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Life Arts    H3'ed 12/17/22

The Great Migration Poem

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Migrants Day
Migrants Day
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i.

It's International Migrants Day Weekend --

another one of those holidays I nearly forgot.

Thank Christ for The Guardian and its caring coverage!

Americans don't think about migrants much.

We usually settle for talk about The Wall.

We used to call them "wetbacks" when I was a kid,

because they swam across the Rio Rubicon,

but then the PC element said we have to call them W-words now.

So, we just dog-whistle The Wall and good ol boys

have themselves a little wink festival and a Coors at the border bar.

.

If Treasure of Sierra Madre taught us anything,

it's that neoliberalism doesn't really work:

suddenly nobody needs badges any more

in the mighty struggle to secure the gold.

American miners corrupted by greed and suspicion.

Bogie all Ah, but the strawberries!

Old Huston just wantin' to buy a porch somewhere

to rock away his last days, wizened smile, corncob pipe, red sunset.

The Other Guy -- handsome Mr. Everyman from Erie, Pennsylvania, let's say --

American Dreamin' until Bogie "catches him" with the strawberries.

And then, the resources eaten alive from the land,

like some fuckin corporate pie-eatin' contest controlled by the Kochs,

then the service sector fails, the mattress factory closes, smiles are shuttered

and the migrants head for El Norte to try their luck

in the Land of Golden Opportunity.

.

The real hero of the tale, the gold dust stuff of dreams,

is carried away in the wind, like it never existed.

Deep.

.

ii.

.

It's a moveable feast

all those war vets in Paris

heroes who'd lost their cocks in the war

hanging out at Hemingway's Place

near the Arc de Triomphe

them looking out the window at the revolutionary traffic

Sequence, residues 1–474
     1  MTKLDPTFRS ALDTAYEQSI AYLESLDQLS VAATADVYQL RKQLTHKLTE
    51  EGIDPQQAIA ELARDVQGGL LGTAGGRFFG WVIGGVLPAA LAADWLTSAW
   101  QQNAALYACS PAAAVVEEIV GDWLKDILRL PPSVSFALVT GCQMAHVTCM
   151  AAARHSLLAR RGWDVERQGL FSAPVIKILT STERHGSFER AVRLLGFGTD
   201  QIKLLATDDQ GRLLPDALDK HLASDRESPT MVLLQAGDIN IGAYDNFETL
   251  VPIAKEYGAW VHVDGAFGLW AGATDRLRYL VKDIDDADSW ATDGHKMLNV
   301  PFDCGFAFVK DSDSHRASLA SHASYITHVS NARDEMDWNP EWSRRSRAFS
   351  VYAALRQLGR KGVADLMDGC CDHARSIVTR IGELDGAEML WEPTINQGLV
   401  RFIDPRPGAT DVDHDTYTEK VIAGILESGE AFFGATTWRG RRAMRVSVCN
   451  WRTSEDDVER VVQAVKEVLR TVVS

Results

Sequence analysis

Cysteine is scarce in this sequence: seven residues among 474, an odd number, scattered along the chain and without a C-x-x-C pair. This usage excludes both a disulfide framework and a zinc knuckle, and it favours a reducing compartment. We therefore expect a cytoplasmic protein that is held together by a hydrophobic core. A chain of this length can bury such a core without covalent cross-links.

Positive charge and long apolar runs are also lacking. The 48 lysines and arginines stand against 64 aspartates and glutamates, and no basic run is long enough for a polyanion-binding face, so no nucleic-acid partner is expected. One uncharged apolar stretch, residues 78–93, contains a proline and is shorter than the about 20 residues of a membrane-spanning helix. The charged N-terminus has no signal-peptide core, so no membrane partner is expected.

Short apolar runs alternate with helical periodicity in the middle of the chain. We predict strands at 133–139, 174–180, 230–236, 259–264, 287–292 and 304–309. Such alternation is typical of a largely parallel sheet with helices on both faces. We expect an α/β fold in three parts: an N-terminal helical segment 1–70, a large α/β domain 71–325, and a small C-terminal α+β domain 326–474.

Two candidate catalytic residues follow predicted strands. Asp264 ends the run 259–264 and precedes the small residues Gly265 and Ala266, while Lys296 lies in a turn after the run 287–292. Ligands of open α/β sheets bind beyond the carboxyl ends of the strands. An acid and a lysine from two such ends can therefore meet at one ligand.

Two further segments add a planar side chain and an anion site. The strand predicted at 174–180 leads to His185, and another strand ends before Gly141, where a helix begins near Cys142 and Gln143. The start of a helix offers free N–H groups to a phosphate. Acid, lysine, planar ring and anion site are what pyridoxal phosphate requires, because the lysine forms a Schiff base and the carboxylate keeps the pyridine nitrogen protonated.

wondering why they don't bumper car more often,

French fists flying, chains and tire irons pulled from trunks.

He thinks: Are we hiving insects after all, mankind, who have our sh*t together?

He's a native English speaker who's had too much.

And "she" touches "his" knee,

wants to dance,

and he,

he wants to pee,

and takes his time in the stall

to write his Rimbaud feelings on the wall:

I am lost in a dream at Papa's place:

Here is my phone number. But please:

no co*k-eyed Sartrians need apply, n'est ce pas?

I'm an expat who knows all about being and nothingness.

And then he went back and danced the night away.

David Bowie. "Fascist."

.

iii.

.

So it's late

when I turn in my migrant's day poem to the editor

who looks at me with vixen eyes,

and he says, Nixon spies

are on the rise,

with Commie ties.

Or maybe it was the weed that spoke

through the cumulus cloud of cannabis smoke.

.

In Europe, they're coming

from all over, migrants everywhere,

peals of laughter at the notion of the EU's

borderless freedom to move at will,

another byproduct of Pax Americana.

.

"Where Have All the Flowers Gone?"

on the radio,

and you go, I dunno, as if in answer.

.

iv.

.

I'm a migrant

from migrant stock

and you?

Where are you coming from?

Me, I'm a potato faminist.

Murphy's Lawyer.

Giant's Causeway on a visit, thinking, They look like pencils.

O, the open suspicion in a Derry bar,

until they heard my American accent

proving I wasn't some King's Own English

Cromwellian make-me-dance-with-my-feet motherf*cker.

Wouldn't you?

Orangemen and their parades. Yellow school bussing back in Boston.

Goddamn it all.

.

And then the other shoe drops

when I find out not one of them has read Ulysses.

And Enya's on the tellie ethereally kicking tyrant ass:

"How Can I Keep from Singing?"

As I wonder if my heritage will kick in

and I'll discover there's a native gear to my drinking

that turns me leprechaun, beer by beer, for being here.

.

Back in Boston, I'll recount my visit, and no one will care.

#####

The Great Migration from Pepsi (it's a new generation!)

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John Kendall Hawkins is an American ex-pat freelance journalist and poet currently residing in Oceania.

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